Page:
• Proof of funds.
  • Final divorce, dissolution and nullity decrees as well as death certificates in respect of all previous marriages and civil partnerships.
  • Evidence of your intention to marry with any of the following:
    • A Marriage Registration Form (MRF).
    • Acknowledgement from the Registrar confirming the date of receipt of notification of intention to marry.
  • Evidence of your relationship history with the following:
    • Proof that your partner has travelled to your country of residence on some occasions to visit you and,
    • Proof of communication between you both.
  • Proof of your intention to return to your country with any of the following ties:
    • 3 months’ payslip and a letter from your employer (if employed).
    • A letter from your school affirming that you study there and will return after your visit (if you are a student).
    • The title deed of a property you own or rent.
    • Proof that you have dependent children or family members in your country.
  • Evidence of private medical insurance.
  • Proof of previous visa refusals, (if any).

For Marriage Registration

  • Birth certificates (should be apostilled if it was issued outside the EU/EEA).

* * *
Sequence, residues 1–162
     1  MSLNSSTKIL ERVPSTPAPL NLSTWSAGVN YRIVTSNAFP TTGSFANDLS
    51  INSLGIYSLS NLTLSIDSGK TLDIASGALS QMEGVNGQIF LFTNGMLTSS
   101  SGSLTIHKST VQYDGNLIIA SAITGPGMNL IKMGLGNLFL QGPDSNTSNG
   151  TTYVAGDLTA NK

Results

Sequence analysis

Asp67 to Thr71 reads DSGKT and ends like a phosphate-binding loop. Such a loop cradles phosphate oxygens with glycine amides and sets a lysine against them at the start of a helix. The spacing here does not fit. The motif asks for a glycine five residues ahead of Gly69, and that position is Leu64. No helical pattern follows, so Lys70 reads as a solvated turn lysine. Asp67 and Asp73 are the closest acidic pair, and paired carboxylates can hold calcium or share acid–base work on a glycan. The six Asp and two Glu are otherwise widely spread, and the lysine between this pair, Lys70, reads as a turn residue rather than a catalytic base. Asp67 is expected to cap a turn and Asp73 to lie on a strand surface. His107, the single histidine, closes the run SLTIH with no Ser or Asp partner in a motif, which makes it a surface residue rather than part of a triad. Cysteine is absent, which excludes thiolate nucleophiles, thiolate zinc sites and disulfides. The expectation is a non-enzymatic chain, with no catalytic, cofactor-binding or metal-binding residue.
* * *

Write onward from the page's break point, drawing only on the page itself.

• Information about your upcoming marriage and witnesses.
  • A filled Data Capture Form
  • Notification fee.
  • Proof of address (original and photocopy dated within last 3 months).
  • Personal documents.
  • International passport.
  • Final divorce, dissolution and nullity decrees as well as death certificates in respect of all previous marriages and civil partnerships.
  • Evidence of immigration status.
  • You will also need to provide information, such as:
    • Whether your wedding will be a civil, secular or religious ceremony.
    • Venue and date of the ceremony.
    • Details of the proposed clergy.
    • Information about your 2 proposed witnesses.
    • A Personal Public Service number if you intend to live in Ireland.
    • A non-refundable notification fee of €200.

All of the above documents that are not in English, or Irish need to be translated by a certified translator or a certified translation service in Ireland certified by the Irish Translators’ and Interpreters’ Association (ITIA) or the Chartered Institute of Linguists (CIOL), that provide you with highly skilled translators work to accurately convey the message of your documents. You can get English translations and Irish translations to or from a large variety of languages. Moreover, foreign documents must usually be legalised or bear an apostille stamp from the country of issuance to be valid in Ireland. 


How to get married in Ireland


How to Get Married in Ireland in Four Steps

So, we’ve looked at all we need to put in place before marrying in Ireland. Now, let’s simplify the entire process for you into four steps.